Missouri Construction Law Case Briefs
Aesthetics, Timeliness, and Requirement of Written Change Orders
In the Winn-Senter Construction Company v. Katie Franks, Inc., et al., case, the parties litigated on claims of breach of contract and quantum meruit regarding a construction project on a restaurant. Mario Scaglia was the sole owner and shareholder of Katie Franks, Inc., and he was sued on a personal guaranty that he signed for the work.
The parties used the American Institute of Architects contract to govern the work performed.
Winn Senter alleged that Scaglia ordered $5,438.00 in change order work during the course of the project. When it came time to pay, Scaglia complained that the tile work around the grill area of the restaurant was unsightly. However, Winn-Senter countered by showing that Scaglia and the architect chose the tiles and decided to use the black grout, which greatly contributed to the questionable aesthetics.
Despite the unsightly finish, the alleged defects did not keep the restaurant from remaining open.
Article 4.1 of the AIA contract stated that “substantial completion shall be obtained within one hundred days from plaintiff’s receipt of notice to commence work under the contract.” No written notice to proceed was ever issued, however. In addition, there was a slew of evidence that showed the owner and architect caused delays on the project.
Missouri law holds that “where the owner prevents or hinders performance by the contractor, within the time specified in the contract, any delay by the contractor is excused.” Winn-Senter Construction Company v. Katie Franks, Inc., et al., 816 S.W.2d 943, 945 (Mo.App. 1991); see also Ark Const. Co. v. City of Florissant, 558 S.W.2d 418, 422 (Mo.App. 1974).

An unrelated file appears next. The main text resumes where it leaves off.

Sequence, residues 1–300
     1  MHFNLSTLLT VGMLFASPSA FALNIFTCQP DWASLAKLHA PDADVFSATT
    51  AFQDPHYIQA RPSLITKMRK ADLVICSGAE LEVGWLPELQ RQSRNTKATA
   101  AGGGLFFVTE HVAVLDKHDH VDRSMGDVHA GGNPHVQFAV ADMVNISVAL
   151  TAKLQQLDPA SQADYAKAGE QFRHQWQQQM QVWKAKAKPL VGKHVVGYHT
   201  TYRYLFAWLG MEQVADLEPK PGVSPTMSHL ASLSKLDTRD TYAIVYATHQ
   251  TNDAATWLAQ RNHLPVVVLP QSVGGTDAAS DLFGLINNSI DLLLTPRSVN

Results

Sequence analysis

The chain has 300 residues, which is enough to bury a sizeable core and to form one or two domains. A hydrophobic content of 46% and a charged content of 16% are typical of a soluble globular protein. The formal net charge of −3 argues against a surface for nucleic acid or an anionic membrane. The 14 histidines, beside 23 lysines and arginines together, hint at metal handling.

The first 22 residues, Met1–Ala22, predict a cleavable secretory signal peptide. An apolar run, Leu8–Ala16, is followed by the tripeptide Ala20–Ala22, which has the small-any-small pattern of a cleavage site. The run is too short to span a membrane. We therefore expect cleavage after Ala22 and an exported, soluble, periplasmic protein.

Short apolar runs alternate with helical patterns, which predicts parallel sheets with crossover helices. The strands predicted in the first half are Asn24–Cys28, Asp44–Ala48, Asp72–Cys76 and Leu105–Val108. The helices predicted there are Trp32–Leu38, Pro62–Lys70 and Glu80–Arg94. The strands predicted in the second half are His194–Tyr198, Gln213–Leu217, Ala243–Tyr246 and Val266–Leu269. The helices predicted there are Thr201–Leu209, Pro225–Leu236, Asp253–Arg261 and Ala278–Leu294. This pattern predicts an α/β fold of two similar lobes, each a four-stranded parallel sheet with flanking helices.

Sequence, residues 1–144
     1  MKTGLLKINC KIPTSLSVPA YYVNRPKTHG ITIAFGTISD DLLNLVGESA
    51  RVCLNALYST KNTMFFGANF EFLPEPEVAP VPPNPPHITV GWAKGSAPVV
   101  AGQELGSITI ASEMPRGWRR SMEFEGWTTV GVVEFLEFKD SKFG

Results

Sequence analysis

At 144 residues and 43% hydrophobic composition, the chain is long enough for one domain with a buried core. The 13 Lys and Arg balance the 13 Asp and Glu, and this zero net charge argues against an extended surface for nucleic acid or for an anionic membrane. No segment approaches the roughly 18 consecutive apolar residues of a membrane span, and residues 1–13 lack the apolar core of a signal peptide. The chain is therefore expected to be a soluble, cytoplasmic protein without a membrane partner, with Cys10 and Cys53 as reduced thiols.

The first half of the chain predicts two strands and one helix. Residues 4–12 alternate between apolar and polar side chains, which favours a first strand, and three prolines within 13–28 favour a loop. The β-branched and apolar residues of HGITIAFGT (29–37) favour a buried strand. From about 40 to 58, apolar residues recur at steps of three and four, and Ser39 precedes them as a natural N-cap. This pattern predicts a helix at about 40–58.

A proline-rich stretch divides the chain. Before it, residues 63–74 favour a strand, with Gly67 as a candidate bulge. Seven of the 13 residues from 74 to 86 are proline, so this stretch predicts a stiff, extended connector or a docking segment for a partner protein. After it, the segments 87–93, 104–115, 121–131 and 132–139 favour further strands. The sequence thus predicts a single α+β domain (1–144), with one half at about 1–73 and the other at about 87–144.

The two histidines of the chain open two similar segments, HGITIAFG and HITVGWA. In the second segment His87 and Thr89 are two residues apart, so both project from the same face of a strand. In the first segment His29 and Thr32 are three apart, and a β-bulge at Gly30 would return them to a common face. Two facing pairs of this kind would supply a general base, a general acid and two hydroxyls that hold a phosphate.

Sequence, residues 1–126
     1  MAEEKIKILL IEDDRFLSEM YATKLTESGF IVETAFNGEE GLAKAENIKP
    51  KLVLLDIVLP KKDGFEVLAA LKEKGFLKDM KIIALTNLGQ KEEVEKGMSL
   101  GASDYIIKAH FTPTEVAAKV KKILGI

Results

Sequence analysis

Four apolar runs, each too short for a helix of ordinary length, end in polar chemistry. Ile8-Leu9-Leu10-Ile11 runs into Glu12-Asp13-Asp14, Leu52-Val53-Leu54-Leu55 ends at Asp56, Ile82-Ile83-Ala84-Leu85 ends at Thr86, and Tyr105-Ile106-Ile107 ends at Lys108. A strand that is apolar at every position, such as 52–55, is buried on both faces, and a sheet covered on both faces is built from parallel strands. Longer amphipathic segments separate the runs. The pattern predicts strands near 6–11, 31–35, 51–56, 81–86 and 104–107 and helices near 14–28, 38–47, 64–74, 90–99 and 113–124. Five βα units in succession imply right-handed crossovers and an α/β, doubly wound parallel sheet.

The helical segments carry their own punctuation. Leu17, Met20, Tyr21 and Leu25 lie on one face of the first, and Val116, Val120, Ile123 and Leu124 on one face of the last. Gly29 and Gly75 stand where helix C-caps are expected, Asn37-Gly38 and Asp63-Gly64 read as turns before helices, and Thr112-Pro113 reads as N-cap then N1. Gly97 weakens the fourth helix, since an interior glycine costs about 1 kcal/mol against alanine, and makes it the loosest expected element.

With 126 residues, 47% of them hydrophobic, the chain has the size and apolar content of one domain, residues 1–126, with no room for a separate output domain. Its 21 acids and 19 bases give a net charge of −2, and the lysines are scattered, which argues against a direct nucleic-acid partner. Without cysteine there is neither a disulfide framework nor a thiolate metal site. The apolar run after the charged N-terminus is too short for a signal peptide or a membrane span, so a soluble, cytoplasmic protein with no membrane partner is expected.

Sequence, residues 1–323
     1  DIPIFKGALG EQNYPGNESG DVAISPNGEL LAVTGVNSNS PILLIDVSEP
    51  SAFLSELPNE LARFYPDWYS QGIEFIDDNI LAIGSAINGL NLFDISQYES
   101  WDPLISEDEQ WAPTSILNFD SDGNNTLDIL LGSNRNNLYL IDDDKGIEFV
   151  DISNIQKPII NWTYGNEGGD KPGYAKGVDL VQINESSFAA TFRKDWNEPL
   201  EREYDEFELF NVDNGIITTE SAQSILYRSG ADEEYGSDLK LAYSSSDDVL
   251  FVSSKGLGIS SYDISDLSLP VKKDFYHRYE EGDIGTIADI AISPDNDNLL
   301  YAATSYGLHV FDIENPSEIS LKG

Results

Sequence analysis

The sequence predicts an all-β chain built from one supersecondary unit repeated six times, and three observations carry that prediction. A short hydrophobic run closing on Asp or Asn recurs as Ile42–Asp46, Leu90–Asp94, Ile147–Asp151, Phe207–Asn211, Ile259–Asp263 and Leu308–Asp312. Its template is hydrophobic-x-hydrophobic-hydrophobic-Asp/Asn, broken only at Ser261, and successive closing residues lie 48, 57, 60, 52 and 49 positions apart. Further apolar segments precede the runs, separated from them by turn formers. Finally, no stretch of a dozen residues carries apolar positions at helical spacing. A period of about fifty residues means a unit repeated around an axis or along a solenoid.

The evidence showed that Winn-Senter completed the project somewhere between 118-130 days, but there were a number of extra projects during that time as well. The original designs by the architect did not have plumbing plans for the bar, so Winn-Senter had to design and install the plumbing.
Further, Winn-Senter had to re-design the bar configuration pursuant to the owner’s request and it had to re-do the grout work on the tile around the grill area because the owner and architect did not approve of its appearance as noted above.
Change Orders for Extra Work Supposed to be Signed and in Writing Per Contract
The AIA contract stated that “the owner would not be responsible for any changes in excess of the stated cost of work unless it was duly executed by Katie Franks, Inc.” The parties did not execute any written change orders, yet changes were carried out on the project.
Katie Franks argues on appeal that the court erred in entering judgment in favor of Winn-Senter on the quantum meruit theory because no written change orders were executed by Katie Franks.
The general rule is when a construction contract requires a written change order, there is no right to recover for extra work without such a writing or waiver by the owner. Herbert M. Brooner Const. Co. v. Golden, 499 S.W.2d 541, 547 (Mo.App.1973). A waiver of a written change order may be shown by presenting evidence the parties have orally agreed upon the “extras” and the “extras” have been supplied pursuant to this agreement. Meadows v. Kinser, 603 S.W.2d 624, 626 (Mo.App.1980). Winn-Senter Construction Company v. Katie Franks, Inc., et al., 816 S.W.2d at 945.
The court found that the owner, Katie Franks, instructed Winn-Senter to perform the work. However, Scaglia testified that he only requested extra work in the amount of $1,560.00.
Missouri law states that “habitual acceptance of extra work done on oral change orders in connection with a contract and payment therefore results in a waiver of any contract clause providing that no claims for extra work or material shall be allowed unless the same be pursuant to a written change order.” Winn-Senter Construction Company v. Katie Franks, Inc., et al., 816 S.W.2d at 946; see also H.B. Deal Const. v. Labor Discount Center, Inc., 418 S.W.2d 940, 950 (Mo. banc 1967); Julian v. Kiefer, 382 S.W.2d 723, 729 (Mo.App.1964).
The Winn-Senter court held that the acceptance of work by Katie Franks and Scaglia constituted a waiver to requiring written change orders.